Sophie Turner Laing, Sky's managing director, entertainment and news added, "3D is as much a commercial as it is creative opportunity. If you have an outstanding idea for content working in HD and 3D - we will back it."
Outside of Sky, Lenz pointed to distribution opportunities for content owners including new US channels from ESPN and Discovery as well forthcoming 3D channel launches from Canal+ in France, MediaPro in Spain, Korea and SkyPerfect in Japan.
"The right projects and events could also go to cinemas," he said. "The home video market packaged into Blu-ray DVDs is also important for premium content."
Gerry O'Sullivan, director of strategic product development, said Sky had tested a variety of genre outside of sports. "The challenge is to find me something that doesn't work in 3D, or give an audience a better experience in 3D," he said. "The UK has a fantastic opportunity to set itself at the head of the creative and entertainment industry by seizing the opportunity to show the world how great 3D can be," declared Lenz.
"Do not make anything of low quality. Do not make 3D for the sake of 3D. We can't afford for production increments to remain as high as they are now. And we can't afford to rely on expensive equipment from the US. "What we do in the next 12 - 24 months will dictate whether or not 3D is a gimmick or whether it is the next major technology transformation like black and white to colour."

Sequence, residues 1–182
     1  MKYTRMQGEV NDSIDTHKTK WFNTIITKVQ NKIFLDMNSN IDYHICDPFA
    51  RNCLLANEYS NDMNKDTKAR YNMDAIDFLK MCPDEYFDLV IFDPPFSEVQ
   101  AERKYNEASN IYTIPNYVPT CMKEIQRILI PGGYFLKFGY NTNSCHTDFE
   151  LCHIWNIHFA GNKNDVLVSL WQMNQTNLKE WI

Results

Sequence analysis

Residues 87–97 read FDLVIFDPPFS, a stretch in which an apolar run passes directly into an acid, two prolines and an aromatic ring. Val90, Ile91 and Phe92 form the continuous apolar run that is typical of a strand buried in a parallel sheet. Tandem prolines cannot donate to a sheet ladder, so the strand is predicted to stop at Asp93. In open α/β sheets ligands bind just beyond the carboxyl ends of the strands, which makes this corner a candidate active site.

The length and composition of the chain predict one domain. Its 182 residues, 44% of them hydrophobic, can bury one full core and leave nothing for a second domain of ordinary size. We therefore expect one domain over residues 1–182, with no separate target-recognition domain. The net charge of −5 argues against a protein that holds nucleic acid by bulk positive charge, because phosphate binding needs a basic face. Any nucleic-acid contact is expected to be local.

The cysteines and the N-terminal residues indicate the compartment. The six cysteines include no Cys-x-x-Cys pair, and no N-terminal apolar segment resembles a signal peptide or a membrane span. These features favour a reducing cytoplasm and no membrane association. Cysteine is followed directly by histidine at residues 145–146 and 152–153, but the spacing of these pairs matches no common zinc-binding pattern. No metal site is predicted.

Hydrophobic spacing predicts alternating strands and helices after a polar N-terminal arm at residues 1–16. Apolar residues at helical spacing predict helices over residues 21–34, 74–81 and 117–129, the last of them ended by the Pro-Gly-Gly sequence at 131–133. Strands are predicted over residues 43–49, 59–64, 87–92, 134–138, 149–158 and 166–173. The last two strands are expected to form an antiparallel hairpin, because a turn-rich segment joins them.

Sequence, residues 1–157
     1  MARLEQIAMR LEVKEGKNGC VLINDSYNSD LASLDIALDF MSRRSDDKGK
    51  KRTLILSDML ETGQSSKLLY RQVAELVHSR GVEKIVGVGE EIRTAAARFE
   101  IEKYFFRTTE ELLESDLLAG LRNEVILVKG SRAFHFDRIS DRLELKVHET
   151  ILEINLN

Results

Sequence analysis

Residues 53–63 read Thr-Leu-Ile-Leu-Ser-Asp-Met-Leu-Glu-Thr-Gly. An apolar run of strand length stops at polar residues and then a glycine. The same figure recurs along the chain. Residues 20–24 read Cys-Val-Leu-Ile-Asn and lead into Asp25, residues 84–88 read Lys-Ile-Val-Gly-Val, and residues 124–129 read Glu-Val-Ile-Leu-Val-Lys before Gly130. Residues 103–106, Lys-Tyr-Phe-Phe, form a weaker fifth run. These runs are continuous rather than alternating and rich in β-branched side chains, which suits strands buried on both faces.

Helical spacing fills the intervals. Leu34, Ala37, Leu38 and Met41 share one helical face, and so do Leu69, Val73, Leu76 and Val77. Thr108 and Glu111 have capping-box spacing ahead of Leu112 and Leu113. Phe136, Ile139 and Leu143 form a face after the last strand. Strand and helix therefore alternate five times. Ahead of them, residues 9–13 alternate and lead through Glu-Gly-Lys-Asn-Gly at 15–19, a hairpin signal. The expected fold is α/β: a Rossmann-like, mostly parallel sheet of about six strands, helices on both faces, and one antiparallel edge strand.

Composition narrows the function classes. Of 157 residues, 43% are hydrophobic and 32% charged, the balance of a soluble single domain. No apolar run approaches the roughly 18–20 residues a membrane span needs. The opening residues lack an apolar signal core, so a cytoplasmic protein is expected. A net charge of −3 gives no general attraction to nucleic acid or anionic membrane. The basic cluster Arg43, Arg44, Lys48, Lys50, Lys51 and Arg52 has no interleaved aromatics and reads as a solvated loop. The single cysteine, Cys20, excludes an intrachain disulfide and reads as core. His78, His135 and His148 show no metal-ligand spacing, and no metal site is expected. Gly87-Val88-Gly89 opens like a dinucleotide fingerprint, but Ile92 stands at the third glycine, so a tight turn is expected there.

By Adrian Pennington, TVB Europe
A ground-breaking partnership between Skillset, Sky and the UK Film Council was announced yesterday to develop and run pioneering gold standard 3D training for the UK film and television industries. The commitment to a £140,000 3D training budget was unveiled at "Introducing Sky 3D" – an event for the UK's production community, which was supported by the UK Film Council and BAFTA.
The fund will pay for specialist training across the board – from those needing to know the basics as they start a 3D project, to professionals sharpening up high-level specialist skills. Principal Large Format, the UK's leading consultancy for 3D production, run by Phil Streather, has been awarded a 3D stereoscopic innovation grant by Skillset to research and structure the curriculum for delivering this definitive course programme for 3D training for the production sector.